The Butcher Boy

The Butcher Boy runs through September 11 at the Irish Repertory Theatre.

By Elazar Abrahams

Based on Patrick McCabe’s 1992 novel of the same name, The Butcher Boy is about as original a stage musical you can make while still being tied to an existing property. The two-act show follows Francie Brady, a troubled Irish teen who begins to psychotically spiral when tragedy hits his family. He begins to have visions of humanoid pigs, inspired by the unseemly nickname the townsfolk give him. Francie tries to run away and escape the cycle of abuse he’s caught in, but that only works for so long, eventually propelling the story to its demented conclusion. All this with song and dance!

Somewhere in The Butcher Boy is a phenomenal show, but unfortunately it gets bogged down by shoddy pacing and tunes that need to be work-shopped. Sitting in the audience, you can feel the makings of something great, but the material is not quite there yet. The point intermission is placed feels slightly off, and the beginning of both halves severely drag their feet with exposition. The musical motifs and core lyrics feel cliche and clunky at points, and while always difficult, the tone struggles to find itself. Scenes are far too serious to be a dark comedy, but there’s an oddly exhibited levity present that avoids true grit. Still, there is obvious talent here, and hopefully this successful off-Broadway run will lead to future productions that have been tinkered with and improved.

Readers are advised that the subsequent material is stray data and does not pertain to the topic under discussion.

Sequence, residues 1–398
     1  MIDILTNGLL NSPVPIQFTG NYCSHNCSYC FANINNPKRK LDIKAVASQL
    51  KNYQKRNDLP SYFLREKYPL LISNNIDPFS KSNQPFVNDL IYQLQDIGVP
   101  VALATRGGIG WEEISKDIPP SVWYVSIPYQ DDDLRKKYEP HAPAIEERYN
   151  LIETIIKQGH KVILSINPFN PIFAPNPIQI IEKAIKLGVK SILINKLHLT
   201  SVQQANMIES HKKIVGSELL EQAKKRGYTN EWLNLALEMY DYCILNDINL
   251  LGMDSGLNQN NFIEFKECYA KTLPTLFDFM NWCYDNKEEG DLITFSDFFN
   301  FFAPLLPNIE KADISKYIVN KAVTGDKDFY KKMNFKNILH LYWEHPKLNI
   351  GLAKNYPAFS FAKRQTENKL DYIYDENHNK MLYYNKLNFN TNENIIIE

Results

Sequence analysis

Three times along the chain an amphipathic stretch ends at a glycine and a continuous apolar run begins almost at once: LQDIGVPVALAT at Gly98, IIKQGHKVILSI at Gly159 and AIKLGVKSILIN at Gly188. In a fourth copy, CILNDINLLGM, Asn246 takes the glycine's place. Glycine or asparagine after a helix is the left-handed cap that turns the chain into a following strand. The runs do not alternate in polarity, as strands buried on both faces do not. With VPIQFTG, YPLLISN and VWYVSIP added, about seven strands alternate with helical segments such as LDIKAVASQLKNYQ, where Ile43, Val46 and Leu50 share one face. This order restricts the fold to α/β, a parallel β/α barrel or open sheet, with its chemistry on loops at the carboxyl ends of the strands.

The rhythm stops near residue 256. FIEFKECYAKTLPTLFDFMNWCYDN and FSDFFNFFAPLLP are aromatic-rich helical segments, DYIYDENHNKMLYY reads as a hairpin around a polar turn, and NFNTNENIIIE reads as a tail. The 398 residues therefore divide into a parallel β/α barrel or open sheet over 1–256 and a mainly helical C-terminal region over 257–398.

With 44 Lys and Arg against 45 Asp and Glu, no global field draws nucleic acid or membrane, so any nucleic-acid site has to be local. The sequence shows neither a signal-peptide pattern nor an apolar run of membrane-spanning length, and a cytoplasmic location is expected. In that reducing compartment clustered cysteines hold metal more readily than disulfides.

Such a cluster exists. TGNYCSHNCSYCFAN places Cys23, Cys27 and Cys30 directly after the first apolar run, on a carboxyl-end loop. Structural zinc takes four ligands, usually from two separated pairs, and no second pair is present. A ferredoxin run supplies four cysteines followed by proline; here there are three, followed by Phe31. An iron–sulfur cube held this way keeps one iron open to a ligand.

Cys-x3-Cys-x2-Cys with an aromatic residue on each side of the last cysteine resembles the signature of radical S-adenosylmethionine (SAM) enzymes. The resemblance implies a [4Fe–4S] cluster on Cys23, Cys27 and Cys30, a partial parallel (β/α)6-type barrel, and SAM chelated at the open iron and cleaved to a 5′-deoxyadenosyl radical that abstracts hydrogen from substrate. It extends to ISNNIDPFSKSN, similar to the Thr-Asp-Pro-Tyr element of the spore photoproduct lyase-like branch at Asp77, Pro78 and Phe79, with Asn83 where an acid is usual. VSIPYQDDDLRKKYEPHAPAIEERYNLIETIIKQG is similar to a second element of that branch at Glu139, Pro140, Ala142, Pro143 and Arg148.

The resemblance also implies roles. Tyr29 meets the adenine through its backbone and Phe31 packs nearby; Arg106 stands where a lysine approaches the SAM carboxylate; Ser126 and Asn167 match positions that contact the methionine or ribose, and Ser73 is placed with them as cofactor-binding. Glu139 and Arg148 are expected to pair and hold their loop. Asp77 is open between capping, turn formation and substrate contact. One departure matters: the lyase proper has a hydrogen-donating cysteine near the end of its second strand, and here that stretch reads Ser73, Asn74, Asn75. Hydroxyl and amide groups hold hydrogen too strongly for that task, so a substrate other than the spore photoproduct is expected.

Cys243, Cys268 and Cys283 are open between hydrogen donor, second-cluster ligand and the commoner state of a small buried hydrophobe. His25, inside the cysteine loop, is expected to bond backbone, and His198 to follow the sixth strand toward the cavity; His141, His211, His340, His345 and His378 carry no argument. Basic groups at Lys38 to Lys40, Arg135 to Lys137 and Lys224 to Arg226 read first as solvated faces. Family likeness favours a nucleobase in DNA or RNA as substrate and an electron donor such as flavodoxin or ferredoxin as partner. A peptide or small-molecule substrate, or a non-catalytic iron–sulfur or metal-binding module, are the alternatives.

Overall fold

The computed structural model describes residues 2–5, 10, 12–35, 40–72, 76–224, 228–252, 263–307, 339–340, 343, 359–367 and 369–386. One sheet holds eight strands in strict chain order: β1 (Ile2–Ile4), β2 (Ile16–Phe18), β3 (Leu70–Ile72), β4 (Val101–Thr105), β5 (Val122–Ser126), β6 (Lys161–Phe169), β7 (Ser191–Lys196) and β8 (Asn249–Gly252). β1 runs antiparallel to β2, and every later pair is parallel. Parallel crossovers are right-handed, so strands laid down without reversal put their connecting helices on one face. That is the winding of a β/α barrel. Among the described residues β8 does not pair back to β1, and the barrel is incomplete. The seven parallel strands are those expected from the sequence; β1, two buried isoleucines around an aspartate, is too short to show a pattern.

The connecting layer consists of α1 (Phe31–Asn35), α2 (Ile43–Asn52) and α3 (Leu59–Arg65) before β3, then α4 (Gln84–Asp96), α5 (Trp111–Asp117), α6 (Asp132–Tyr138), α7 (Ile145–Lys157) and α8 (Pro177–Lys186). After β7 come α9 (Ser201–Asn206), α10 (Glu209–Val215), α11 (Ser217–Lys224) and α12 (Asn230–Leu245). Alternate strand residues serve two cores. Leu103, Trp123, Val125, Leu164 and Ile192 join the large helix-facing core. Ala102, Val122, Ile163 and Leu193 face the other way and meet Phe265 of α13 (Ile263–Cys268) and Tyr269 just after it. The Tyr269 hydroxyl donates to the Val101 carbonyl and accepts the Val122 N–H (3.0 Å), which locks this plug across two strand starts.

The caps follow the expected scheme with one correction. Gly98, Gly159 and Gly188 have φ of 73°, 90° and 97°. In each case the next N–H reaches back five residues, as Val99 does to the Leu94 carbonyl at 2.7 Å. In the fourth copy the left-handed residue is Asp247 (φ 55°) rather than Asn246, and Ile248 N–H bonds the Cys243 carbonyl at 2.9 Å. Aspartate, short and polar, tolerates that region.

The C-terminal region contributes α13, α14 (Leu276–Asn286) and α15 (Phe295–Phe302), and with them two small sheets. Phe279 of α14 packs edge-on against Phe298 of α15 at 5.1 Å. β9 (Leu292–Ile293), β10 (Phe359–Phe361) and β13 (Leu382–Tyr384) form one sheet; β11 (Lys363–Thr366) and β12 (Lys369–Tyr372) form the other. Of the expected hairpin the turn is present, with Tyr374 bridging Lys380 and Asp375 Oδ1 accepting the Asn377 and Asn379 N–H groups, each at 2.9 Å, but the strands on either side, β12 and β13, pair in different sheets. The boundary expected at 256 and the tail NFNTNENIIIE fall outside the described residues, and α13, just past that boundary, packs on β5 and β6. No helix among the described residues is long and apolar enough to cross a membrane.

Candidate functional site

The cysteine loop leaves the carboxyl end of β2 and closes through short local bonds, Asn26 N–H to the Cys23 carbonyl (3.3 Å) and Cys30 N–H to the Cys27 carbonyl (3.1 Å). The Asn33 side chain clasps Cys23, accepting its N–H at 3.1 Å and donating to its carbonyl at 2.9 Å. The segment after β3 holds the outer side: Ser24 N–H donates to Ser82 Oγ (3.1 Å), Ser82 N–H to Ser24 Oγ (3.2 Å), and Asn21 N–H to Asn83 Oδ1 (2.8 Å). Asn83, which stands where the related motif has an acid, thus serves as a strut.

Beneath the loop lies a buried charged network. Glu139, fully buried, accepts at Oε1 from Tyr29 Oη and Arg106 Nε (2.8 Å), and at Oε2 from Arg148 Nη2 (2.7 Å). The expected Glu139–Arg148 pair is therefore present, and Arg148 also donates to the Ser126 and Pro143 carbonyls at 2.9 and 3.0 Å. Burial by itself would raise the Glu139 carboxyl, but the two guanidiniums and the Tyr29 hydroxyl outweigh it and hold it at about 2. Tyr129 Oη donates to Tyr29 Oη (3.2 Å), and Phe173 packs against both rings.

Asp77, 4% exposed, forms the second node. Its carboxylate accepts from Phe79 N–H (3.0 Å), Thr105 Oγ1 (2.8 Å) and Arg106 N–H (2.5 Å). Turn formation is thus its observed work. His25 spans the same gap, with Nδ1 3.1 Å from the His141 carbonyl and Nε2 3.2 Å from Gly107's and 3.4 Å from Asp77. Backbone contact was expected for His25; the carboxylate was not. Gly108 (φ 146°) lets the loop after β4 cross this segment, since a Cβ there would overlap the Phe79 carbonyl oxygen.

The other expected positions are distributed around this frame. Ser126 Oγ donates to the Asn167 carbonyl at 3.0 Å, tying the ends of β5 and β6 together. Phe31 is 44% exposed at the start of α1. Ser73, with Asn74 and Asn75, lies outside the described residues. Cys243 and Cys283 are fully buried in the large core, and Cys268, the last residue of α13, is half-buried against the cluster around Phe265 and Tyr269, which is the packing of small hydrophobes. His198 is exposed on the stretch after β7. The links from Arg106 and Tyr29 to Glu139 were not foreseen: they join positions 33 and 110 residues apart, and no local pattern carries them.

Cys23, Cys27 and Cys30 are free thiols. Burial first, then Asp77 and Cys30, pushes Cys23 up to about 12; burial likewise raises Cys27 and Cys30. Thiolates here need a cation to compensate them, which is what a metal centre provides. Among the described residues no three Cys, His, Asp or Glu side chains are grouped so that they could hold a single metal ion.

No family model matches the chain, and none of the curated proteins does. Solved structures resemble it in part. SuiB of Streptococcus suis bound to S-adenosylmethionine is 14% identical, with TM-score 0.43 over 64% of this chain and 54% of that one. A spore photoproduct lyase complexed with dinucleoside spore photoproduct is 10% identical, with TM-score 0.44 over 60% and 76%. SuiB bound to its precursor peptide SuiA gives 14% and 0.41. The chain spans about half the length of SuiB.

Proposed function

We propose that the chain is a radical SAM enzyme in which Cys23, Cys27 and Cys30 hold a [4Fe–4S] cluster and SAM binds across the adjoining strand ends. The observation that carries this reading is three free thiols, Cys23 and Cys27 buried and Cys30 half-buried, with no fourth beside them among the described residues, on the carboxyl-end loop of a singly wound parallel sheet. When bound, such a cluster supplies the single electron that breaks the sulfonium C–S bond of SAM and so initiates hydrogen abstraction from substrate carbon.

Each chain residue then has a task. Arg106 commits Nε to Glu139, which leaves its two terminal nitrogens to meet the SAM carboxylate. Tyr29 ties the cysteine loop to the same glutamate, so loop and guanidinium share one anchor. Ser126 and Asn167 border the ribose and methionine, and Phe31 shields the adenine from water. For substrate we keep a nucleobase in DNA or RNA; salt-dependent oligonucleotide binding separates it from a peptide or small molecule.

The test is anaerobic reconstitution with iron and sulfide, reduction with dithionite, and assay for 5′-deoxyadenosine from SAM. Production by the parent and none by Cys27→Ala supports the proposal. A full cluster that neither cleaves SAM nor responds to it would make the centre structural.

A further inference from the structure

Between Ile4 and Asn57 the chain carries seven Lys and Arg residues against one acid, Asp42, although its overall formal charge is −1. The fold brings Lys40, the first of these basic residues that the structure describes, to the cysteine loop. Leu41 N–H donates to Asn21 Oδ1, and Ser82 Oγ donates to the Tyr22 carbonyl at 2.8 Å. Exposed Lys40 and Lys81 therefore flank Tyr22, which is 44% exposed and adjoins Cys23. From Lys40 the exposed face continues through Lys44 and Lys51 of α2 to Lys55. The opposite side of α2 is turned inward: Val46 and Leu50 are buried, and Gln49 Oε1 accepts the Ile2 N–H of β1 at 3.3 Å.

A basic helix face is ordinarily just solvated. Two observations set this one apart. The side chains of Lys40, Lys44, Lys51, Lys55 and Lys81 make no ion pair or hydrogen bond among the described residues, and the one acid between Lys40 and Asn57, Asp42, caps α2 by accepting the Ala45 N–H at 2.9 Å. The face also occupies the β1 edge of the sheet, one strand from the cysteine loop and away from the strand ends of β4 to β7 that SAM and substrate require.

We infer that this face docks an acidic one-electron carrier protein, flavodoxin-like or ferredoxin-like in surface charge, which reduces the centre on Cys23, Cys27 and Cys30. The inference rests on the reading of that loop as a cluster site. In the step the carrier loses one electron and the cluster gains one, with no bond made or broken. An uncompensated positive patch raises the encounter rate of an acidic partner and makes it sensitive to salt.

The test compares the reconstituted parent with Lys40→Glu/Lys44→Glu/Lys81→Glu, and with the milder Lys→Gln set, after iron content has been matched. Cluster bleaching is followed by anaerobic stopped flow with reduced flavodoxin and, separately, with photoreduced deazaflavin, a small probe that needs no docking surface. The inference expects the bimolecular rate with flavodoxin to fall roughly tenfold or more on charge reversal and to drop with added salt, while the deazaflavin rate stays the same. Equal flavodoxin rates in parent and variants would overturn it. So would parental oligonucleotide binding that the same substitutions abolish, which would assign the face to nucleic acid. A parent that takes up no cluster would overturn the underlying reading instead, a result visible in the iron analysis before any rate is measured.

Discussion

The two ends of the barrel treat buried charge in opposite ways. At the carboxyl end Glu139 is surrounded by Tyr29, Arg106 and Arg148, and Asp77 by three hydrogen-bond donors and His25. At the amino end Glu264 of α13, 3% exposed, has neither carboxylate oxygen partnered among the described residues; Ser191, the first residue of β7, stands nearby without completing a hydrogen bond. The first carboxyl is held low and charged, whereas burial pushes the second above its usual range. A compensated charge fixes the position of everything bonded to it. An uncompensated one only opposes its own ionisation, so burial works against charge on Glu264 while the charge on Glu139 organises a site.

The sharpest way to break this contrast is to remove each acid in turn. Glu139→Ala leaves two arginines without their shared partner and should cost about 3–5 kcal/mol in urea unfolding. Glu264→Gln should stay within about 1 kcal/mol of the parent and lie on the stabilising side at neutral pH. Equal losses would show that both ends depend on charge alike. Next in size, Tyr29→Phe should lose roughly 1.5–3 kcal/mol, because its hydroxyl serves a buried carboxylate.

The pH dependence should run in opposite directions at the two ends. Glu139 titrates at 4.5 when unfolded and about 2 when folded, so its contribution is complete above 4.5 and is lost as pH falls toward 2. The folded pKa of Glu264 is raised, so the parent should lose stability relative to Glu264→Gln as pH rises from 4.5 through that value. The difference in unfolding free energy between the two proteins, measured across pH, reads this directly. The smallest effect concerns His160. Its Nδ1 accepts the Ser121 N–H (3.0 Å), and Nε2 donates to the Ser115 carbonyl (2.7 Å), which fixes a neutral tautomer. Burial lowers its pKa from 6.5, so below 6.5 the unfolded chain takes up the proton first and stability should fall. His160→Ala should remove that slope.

Speaking of talent, the cast is excellent. It can’t be easy to put on such a violent show every night, but Nicholas Barasch is superb as the lead, and really carries the show. At a certain point, Francie becomes an unsympathetic character, but you still care for him, and understand his journey. The other standouts are Daniel Marconi as the fiendishly unlikable Phillip Nugent, and Scott Stangland as Francie’s father. Stangland gets the best song of the whole affair, a rousing solo about love and loss that ends with quite the twist.

Another strong point is the set design and costumes. The vibes and imagery are creepy, and genuinely unsettling. The pig masks that become the show’s central imagery are properly spooky and sear themselves into your imagination. Although The Butcher Boy is a mixed bag, it successfully enthralls. Don’t be surprised if you end up squirming in your seat.

Find ticket information HERE.